Delaware House approves marijuana marketplace framework
State representatives approved a bill to create the framework for the state’s marijuana marketplace and tax structure.
Delaware lawmakers took another step towards legalizing recreational marijuana sales Thursday afternoon.
State representatives voted 27 to 13 in favor of a bill that would create the framework for the state’s marijuana marketplace and tax structure.
The vote comes just two days after House members passed legislation legalizing personal use and possession of small amounts of marijuana.
“It has been a long journey to get to this point,” said Rep. Ed Osienski, a Newark-area Democrat who has shepherded the legalization effort for years. “We have experienced setbacks along the way, none worse than losing business to New Jersey, but we have learned a great deal and produced what we believe is a strong bill that will make Delaware an industry leader in this field.”
According to the bill’s synopsis, the Delaware Marijuana Control Act “regulates and taxes marijuana for recreational use in much the same manner as alcohol.” That includes licensing for approved sellers, restrictions on sales to minors, and restrictions on driving while under the influence.
It would create 30 retail store licenses. Fifteen of those would be reserved for “social equity applicants,” defined in the legislation as someone who has lived for at least five years in an area “disproportionately impacted” by the state’s enforcement of marijuana laws. Social equity applicants would also include anyone convicted for marijuana-related offenses, with some exceptions.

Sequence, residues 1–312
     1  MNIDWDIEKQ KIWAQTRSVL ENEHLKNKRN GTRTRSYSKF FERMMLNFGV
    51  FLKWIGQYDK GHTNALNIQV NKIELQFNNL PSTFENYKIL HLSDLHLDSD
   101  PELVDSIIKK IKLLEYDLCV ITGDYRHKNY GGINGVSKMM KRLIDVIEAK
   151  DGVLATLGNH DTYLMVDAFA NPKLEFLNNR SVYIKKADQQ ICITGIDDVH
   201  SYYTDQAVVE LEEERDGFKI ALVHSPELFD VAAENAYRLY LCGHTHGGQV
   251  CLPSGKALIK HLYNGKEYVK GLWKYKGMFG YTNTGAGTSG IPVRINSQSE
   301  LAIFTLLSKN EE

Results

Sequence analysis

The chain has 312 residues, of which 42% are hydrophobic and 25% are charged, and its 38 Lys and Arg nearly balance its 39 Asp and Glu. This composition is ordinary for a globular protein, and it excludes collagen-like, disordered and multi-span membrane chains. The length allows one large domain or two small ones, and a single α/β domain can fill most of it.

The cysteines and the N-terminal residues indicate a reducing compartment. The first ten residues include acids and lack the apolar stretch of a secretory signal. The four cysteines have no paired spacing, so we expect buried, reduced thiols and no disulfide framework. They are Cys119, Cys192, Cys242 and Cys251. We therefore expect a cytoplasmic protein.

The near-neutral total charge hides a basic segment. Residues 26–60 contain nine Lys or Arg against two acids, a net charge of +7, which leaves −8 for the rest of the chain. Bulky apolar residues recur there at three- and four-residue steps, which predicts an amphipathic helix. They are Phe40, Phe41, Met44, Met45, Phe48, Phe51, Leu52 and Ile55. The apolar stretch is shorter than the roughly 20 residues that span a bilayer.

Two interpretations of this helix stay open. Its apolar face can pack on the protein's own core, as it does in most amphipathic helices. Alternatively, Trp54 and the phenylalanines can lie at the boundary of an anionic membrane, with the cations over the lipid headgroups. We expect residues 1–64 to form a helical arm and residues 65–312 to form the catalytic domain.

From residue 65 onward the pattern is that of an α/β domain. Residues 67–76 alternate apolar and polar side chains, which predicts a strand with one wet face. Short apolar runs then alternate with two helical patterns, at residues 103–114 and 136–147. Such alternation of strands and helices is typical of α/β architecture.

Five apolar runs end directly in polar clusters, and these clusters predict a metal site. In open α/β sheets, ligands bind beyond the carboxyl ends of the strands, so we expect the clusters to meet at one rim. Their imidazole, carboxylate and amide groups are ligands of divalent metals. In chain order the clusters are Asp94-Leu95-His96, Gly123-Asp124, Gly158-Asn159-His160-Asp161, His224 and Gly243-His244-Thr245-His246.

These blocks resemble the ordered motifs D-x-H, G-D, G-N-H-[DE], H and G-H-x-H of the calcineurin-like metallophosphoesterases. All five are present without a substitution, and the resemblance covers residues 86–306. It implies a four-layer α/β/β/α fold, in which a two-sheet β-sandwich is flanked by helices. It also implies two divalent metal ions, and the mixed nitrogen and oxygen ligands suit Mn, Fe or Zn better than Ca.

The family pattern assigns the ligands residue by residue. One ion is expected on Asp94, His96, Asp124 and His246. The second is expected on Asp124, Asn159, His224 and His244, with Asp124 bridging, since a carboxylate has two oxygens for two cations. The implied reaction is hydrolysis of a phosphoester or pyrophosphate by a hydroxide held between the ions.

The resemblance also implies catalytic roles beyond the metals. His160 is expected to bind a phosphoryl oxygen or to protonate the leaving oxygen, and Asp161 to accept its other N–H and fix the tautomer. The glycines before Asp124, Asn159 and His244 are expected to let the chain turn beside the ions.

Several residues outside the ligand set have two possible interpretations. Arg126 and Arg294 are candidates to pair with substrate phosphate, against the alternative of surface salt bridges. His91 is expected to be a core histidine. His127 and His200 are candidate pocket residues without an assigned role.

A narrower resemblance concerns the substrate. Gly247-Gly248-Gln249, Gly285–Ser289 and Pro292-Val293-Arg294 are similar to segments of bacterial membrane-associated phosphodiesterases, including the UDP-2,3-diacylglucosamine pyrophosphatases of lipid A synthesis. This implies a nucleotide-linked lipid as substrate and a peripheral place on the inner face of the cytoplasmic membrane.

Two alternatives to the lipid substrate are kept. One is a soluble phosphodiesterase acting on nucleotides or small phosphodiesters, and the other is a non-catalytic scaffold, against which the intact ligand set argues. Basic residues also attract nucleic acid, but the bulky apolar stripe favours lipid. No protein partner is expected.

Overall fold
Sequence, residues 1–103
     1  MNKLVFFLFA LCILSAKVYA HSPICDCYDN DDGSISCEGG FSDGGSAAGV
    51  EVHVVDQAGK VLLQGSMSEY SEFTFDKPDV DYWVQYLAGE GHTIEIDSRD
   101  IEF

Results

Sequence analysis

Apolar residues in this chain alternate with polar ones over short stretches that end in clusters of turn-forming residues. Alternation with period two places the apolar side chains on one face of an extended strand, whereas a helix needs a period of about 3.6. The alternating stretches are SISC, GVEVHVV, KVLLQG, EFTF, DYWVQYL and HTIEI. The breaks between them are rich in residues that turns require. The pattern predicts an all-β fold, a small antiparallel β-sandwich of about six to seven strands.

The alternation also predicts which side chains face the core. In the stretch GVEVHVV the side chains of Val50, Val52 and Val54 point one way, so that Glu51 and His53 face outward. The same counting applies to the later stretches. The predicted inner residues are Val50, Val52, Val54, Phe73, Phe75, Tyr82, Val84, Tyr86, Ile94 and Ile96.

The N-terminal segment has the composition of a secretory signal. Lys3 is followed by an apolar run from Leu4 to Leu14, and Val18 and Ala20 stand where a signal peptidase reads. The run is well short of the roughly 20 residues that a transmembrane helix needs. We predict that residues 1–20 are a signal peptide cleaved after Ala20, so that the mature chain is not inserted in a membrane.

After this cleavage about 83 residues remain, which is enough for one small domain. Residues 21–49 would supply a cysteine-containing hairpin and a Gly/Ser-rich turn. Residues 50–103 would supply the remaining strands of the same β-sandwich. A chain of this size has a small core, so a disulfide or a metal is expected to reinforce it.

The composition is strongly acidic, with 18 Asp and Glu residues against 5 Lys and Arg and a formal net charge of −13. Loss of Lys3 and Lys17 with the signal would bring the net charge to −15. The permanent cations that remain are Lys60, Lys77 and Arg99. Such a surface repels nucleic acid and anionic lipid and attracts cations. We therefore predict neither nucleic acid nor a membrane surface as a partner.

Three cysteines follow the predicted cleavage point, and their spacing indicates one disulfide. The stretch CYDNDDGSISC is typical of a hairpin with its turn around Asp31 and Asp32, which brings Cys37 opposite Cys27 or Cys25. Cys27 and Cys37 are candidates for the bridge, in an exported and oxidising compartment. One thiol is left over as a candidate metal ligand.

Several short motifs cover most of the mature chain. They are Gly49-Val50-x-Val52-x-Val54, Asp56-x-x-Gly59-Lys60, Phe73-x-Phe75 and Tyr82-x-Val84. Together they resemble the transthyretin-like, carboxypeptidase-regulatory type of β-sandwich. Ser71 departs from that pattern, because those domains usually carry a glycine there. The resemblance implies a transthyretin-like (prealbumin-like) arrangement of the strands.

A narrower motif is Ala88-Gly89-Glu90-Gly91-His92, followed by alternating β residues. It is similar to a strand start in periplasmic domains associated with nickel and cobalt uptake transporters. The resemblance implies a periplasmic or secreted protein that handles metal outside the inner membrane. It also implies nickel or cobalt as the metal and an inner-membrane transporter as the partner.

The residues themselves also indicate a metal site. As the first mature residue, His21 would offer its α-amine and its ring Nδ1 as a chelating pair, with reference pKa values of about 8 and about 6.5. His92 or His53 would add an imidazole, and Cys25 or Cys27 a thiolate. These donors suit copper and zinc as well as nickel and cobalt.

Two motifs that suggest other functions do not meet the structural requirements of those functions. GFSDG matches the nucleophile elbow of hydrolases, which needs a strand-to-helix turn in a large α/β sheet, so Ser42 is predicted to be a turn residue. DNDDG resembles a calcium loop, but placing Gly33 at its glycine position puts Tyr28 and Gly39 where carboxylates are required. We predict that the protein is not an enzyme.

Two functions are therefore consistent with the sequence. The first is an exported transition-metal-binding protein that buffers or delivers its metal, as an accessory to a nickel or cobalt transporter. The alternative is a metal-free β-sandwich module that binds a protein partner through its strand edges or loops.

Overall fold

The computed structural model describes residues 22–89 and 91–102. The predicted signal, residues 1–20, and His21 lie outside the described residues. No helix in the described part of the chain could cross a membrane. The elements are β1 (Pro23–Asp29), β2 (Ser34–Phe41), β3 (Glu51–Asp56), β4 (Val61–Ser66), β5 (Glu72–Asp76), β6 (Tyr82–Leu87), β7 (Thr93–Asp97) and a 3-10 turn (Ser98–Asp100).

The measure also creates the Justice Reinvestment Fund to ensure that the communities that were most negatively affected by marijuana prohibition will benefit from the new industry.
“This fund will receive 7% of the marijuana tax and that money will be used for restorative justice, jail diversion, workforce development, industry-specific technical assistance, and mentoring services for economically disadvantaged persons,” Osienski said.
“This fund may also be used on statewide programs designed to do the following: creating and developing technology to assist with the restoration of civil rights and expungement of criminal records, addressing the underlying cause of crime, reducing drug-related arrests, and reducing the prison population.”
It now moves to the Senate where it’s expected to be approved. The same goes for a bill legalizing marijuana which House members approved Tuesday.
Both would then head to the governor, who vetoed the effort last year.
Lawmakers are optimistic they have enough votes this year to override another veto.
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